An assessment of the reasons for the defeat of Napoleon in Russia in the Campaign of 1812
This essay will examine the factors that led to Napoleon and his enormous army retreating from Russia and eventually losing a great majority of soldiers as well as their notoriety of being “invincible” after invading Russia in 1812. It will also consider the effects that that particular war had on the downfall of Napoleon’s empire in the subsequent years.
The Campaign of 1812 was to be Napoleon’s crowning achievement. His Grand Armee of over 600,000 men from all corners of his empire was the largest he had ever assembled. The Emperor of France was notorious to his enemies. His armies were said to be invincible and his tactics in battle were second to none. This was at least how he was perceived at the time. On the 23rd of June, 1812 he invaded Russia with the hopes of ultimately dominating Europe. Napoleon did not anticipate, however, the harsh Russian weather that they had to face coupled with the scorched-earth policy that the Russians employed. He also overlooked the resolve of Tsar Alexander in that the Russian Tsar would not surrender to Napoleon under any circumstances. Napoleon was also fighting a losing battle within himself. His age was beginning to get the better of him and his unwavering confidence in himself blinded him from making correct decisions. The campaign of 1812 was a disaster for Napoleon. Worse than the loss of over 500,000 men in Russia was the realization of France’s enemies that Napoleon was no longer the ‘Invincible’ conqueror that he was. Napoleon’s Russian campaign failed due to the culmination of these various factors, but above all, it was Napoleons faulty judgment and unwavering confidence in himself that led to his demise. Furthermore, this great defeat exposed Napoleon’s weakness to his enemies and as a result his reign as emperor came to an end.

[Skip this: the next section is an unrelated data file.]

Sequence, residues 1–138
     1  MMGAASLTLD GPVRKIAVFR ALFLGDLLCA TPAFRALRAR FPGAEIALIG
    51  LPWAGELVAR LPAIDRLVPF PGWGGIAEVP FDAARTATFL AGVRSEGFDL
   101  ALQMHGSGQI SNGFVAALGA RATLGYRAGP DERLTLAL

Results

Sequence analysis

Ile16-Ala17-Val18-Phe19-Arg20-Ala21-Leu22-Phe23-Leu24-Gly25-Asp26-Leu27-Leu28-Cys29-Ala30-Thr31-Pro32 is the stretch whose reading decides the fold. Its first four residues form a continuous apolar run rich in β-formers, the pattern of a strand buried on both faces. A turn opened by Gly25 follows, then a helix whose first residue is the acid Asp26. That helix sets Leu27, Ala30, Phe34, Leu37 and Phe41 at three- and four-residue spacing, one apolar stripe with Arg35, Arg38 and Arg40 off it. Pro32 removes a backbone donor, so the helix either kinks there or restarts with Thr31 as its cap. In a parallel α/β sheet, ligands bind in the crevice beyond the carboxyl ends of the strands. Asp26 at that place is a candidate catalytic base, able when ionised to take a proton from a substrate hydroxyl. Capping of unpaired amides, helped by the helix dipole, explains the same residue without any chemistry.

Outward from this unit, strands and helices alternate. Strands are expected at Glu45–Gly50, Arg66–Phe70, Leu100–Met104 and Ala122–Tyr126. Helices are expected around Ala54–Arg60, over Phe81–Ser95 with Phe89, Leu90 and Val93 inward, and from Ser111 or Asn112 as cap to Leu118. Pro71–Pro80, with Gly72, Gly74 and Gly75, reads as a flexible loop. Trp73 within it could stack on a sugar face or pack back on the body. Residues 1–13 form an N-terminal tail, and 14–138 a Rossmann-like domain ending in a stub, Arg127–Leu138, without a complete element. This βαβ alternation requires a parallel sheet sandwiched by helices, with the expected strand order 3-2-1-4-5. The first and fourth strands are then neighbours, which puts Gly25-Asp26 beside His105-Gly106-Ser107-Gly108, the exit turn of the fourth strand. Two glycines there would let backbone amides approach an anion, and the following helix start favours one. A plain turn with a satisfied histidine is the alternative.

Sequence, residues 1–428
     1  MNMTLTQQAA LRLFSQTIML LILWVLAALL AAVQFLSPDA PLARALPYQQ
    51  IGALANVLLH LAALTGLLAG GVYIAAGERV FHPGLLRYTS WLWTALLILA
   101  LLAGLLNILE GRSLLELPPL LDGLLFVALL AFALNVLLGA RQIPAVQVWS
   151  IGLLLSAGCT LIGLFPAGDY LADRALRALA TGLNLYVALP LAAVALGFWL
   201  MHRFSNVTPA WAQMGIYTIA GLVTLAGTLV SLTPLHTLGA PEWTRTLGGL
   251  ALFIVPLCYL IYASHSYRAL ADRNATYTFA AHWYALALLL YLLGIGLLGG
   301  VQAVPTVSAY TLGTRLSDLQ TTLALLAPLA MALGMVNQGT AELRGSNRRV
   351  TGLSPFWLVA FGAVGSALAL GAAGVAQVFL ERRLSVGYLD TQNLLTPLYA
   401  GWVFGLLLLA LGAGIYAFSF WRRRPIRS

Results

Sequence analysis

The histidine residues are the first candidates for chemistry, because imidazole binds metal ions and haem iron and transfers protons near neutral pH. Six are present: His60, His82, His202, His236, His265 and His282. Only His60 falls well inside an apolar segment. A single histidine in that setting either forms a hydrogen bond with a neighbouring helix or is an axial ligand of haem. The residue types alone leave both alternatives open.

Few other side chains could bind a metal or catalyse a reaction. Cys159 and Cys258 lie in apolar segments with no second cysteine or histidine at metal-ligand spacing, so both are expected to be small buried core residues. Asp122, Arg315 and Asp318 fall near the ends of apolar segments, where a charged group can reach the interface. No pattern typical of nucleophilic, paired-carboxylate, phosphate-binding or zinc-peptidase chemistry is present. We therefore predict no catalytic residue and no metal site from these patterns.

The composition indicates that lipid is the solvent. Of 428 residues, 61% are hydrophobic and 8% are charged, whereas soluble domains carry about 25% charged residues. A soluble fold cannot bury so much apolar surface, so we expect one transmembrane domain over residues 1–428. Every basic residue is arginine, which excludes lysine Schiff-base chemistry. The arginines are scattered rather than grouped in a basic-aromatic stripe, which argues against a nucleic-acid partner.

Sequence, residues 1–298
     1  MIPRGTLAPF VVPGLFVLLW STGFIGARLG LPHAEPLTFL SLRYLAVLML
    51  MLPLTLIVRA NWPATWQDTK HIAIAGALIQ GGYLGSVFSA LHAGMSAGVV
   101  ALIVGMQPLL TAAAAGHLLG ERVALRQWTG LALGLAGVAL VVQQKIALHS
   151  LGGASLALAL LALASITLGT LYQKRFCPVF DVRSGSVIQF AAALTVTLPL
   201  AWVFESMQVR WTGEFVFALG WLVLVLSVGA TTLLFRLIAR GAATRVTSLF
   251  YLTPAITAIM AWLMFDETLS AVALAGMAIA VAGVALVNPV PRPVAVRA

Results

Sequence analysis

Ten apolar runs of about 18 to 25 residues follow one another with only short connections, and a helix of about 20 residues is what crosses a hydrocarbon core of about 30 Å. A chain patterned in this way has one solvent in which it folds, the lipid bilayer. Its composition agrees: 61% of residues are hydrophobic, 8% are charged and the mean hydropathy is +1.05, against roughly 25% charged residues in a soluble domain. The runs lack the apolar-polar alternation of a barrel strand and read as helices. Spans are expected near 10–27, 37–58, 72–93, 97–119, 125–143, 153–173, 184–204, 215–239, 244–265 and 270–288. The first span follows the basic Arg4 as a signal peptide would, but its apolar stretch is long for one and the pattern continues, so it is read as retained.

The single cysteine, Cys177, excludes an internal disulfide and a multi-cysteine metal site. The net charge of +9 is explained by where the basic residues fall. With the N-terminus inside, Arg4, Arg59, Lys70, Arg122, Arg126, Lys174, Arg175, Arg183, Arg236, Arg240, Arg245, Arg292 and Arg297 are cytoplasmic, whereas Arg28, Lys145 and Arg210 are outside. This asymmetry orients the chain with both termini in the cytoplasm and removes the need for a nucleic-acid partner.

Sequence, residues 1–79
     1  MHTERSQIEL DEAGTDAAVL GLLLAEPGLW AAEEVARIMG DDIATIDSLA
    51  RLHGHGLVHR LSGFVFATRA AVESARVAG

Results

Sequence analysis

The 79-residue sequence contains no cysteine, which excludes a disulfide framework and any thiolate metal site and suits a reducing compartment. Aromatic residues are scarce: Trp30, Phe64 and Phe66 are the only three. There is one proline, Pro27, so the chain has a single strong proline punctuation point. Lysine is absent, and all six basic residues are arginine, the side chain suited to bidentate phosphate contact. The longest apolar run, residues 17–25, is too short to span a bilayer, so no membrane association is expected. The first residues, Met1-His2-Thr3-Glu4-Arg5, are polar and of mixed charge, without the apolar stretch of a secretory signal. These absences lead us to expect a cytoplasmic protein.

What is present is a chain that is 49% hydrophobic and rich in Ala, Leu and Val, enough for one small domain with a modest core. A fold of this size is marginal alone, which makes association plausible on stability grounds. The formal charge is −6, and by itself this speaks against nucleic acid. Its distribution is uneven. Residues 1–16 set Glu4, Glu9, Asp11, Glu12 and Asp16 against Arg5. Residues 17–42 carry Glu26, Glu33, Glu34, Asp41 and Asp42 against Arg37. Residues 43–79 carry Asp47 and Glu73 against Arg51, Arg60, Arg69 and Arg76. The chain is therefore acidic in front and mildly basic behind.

The weather was a worthy opponent to Napoleon and his Grand Armee during his campaign in Russia. However, casualties could have been prevented if Napoleon prepared properly for this grand campaign. Russia experiences extremely cold winters that arrive rapidly. It also gets very hot in the summer months. At the start of Napoleon’s campaign his army experienced very hot weather. As the campaign entered July the heat became unbearable. Napoleon and many of his men were struck with diseases. Napoleon was losing soldiers to exhaustion, sickness and desertion at a rate of 5,000 per day. It is reported that after two months, without even fighting a battle Napoleon had lost 150,000 soldiers. General Clausewitz wrote, "The bad water and the air-borne insects caused dysentery, typhus, and diarrhea." However, if Napoleon had planned to bring more doctors and medicine with him then many thousands of lives would have been saved. I believe this is Napoleon’s first in a series of mistakes that stems from faulty planning. Napoleon’s army suffered even worse during their retreat from Moscow. The soldiers were shattered by the bitter cold of the harsh Russian winter. Again, Napoleon had not planned properly for this. In fact, he had not even planned that he would be in Russia during the winter, another fatal mistake. Napoleon proclaimed before the campaign began that he expected it to last 20 days. And according to another source he prepared 40 days worth of food for his army. Either way this gross miscalculation by Napoleon in the preparation stages of his campaign.
It is evident that Napoleon did not thoroughly plan for the Russian campaign, nor did he make the correct calculations that would ensure a decisive victory. I think that this is due to his slowly deteriorating heath as well as Napoleon’s overconfidence and irrational belief that he could not be defeated. It seemed as though Napoleon failed to display his true genius in 1812 that had won him countless battles in the past. He displayed much caution, which was...
Bibliography: ‘Napoleon 's invasion of Russia’ R.G. Burton. London: George Allen, 1914.
‘Napoleon against Russia: a concise history of 1812’ Digby George Smith Barnsley: Pen & Sword Military, 2004.
‘The Two Great Retreats of History’ D.H.M. Ginn & Company. Boston. 1889
’The War of 1812 in the age of Napoleon’ Jeremy Black
‘1812: Napoleon 's Russian campaign’ Richard K. Riehn. New York: McGraw-Hill, 1990
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